We’re winding down to the holidays (although, unfathomably, they don’t start until the end of next week when school’s out). Instead of Picture Book Friday, I want to point you toward my Instagram account where I’m sharing a title from our Christmas Book Box every day. We’re also reading the short novel A Christmas Card now, which our friend Sarah read last year (as we were reading The London Snow, by the same author, Paul Theroux). Today we walked home from school in a glorious blizzard, and hot chocolate with marshmallows are getting to be a habit.
December 13, 2016
As a parent, having uncomfortable conversations with my daughter is one of my favourite things. The other day after listening to the news on the radio, she asked me, “What’s sexual assault?” And I was so grateful to be able to answer that. To be able to give her the context for these awful, disturbing ideas, rather than her getting her context from elsewhere, from less reliable sources. From the cruel world even, when she’s utterly unprepared for it. It’s the same reason I read her the Grimms with the violent endings, the nasty stepmother destined to dance eternally in shoes made of burning iron. Even though these deliverances of justice aren’t in keeping with reality, I think the fact that the world can be brutal and hard. I don’t want these things to ever come as a surprise to her. I willingly brought my daughter into the world, and along with that, I see myself as required to take responsibility for all of it, the good and the bad.
They aren’t opposing, also, the good and the bad. This is what I want to teach my daughter about the world, about its complexity “A single thing can have two realities,” is a line I wrote in my essay, “Doubleness Clarifies,” about motherhood and abortion. It’s always been a lesson I wanted her to learn. “And so one day I will tell her about what happened to me a long time ago,” I wrote about my daughter and my abortion, in this essay I wrote when my daughter was three. I was always grateful for that essay, because it meant I’d never be able to not tell her what happened to me. It would force me to take responsibility too for this part of my own story.
Last week I shared the above photo of protesters from the 1970 Abortion Caravan in Ottawa on Instagram. I spend a lot of time on Twitter raging about abortion access and perception, while my Instagram feed is all teacups in soft sunshine. I wanted to be more well-rounded in my Insta-life, so I shared the image. And later that night, Harriet was scrolling through my feed and saw the photo. “Who are they?” she asked, and so I told her about abortion.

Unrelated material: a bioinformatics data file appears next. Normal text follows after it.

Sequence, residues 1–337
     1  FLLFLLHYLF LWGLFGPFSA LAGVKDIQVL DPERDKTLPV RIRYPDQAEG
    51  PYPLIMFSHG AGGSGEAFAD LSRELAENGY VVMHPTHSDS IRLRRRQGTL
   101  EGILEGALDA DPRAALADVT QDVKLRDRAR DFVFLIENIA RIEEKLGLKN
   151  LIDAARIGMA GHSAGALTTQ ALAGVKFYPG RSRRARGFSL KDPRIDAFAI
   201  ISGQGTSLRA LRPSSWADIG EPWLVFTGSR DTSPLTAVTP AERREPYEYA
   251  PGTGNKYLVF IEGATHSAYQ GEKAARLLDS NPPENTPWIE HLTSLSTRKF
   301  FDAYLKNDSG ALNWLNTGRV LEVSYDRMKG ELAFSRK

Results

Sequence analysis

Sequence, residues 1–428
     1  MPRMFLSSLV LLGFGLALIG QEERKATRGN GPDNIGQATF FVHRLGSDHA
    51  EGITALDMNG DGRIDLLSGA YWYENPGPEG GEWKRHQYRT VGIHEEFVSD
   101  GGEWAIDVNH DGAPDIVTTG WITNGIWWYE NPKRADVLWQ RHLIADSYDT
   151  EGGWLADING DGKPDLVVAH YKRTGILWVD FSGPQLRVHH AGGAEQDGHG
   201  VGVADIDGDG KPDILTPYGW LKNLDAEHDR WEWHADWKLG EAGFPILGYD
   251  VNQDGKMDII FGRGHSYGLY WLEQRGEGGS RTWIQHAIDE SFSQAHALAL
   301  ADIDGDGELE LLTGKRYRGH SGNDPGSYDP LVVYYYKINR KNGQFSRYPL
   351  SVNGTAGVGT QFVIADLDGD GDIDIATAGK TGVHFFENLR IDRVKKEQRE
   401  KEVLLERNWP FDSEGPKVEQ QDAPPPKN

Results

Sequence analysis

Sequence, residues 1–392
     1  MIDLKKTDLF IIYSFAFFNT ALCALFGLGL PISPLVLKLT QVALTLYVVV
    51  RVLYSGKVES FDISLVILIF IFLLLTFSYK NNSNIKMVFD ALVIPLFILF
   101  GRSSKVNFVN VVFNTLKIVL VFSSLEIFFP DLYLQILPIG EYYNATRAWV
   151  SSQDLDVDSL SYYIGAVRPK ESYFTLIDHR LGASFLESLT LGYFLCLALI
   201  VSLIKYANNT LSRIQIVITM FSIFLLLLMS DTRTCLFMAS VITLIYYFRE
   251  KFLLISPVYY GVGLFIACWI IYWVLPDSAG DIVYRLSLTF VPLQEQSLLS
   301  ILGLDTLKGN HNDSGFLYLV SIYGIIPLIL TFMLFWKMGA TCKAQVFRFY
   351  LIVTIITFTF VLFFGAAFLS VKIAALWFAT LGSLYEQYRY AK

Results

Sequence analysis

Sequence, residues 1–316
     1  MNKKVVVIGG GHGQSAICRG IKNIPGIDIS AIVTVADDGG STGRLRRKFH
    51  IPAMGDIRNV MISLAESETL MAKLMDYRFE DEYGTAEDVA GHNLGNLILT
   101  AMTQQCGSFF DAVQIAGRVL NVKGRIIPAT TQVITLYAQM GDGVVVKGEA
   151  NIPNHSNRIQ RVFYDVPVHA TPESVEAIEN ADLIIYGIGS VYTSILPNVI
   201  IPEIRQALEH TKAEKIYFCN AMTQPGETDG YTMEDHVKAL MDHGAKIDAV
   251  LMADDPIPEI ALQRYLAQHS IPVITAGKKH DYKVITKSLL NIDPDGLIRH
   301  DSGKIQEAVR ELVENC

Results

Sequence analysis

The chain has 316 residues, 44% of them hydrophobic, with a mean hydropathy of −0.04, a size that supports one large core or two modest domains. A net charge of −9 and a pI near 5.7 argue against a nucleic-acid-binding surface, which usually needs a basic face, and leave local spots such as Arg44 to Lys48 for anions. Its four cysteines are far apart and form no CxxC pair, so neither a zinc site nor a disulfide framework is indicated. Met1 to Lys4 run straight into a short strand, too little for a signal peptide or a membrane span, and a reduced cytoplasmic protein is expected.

I told her about the brave women (and men) who fought hard so that she and I could have control over our reproductive lives. I told her about how people are trying themselves in knots trying to restrict women from aborting lentil-sized fetuses. “But it’s not their lentil,” she said. “I KNOW!” I answered. And I told that when she was a lentil, she was everything. We read her stories even though she didn’t even have ears. But she was everything because we loved her already and we wanted her. In physical terms, she was almost nothing. Pregnancy is perilous at 6 weeks.
I told her about my friends who’ve had abortions later on, when everything is so much harder. About how these were heartbreaking choices, the losses of children who were desperately wanted. About how nobody has an abortion for fun. It’s always a careful choice, and sometimes not an easy one. And it’s hard to understand because one person’s lentil is someone else’s baby. But Harriet is seven and already she understands that a single thing can have two realities.
I haven’t told her yet that I had an abortion. She didn’t ask. These conversations have to be organic, I think. But I’m sure I’ll tell her soon, and when I do I’ll tell her this: “If not for my abortion, I wouldn’t have YOU, and I’m grateful everyday.”
December 11, 2016
As always, I’ve failed in both my efforts to read everything I wanted to read in 2016 and also to keep my top ten to a number below twenty. Still, I think I’ve failed quite successfully here, and I’m really happy with how the year has read up. Thanks to the authors and readers who inspire me and make my reading life so much.
“I loved its humour, its prose, its quietness and detail. I loved its subtle subversions—second abortions and pregnant women with a drink. I loved the difference between the two characters’ voices, how richly the two were delineated, and that the title is tongue-in-cheek—in a Mad Men fashion, Alam’s novel takes the idea of “types” of women and a binary approach to womanhood and complicates the idea entirely to show that women can be whole, flawed, inexplicable and fully realized people whose lives and experiences are worth writing about, thinking about. Which really shouldn’t be such a revelation, and this is still a completely excellent book for those of us who already know.”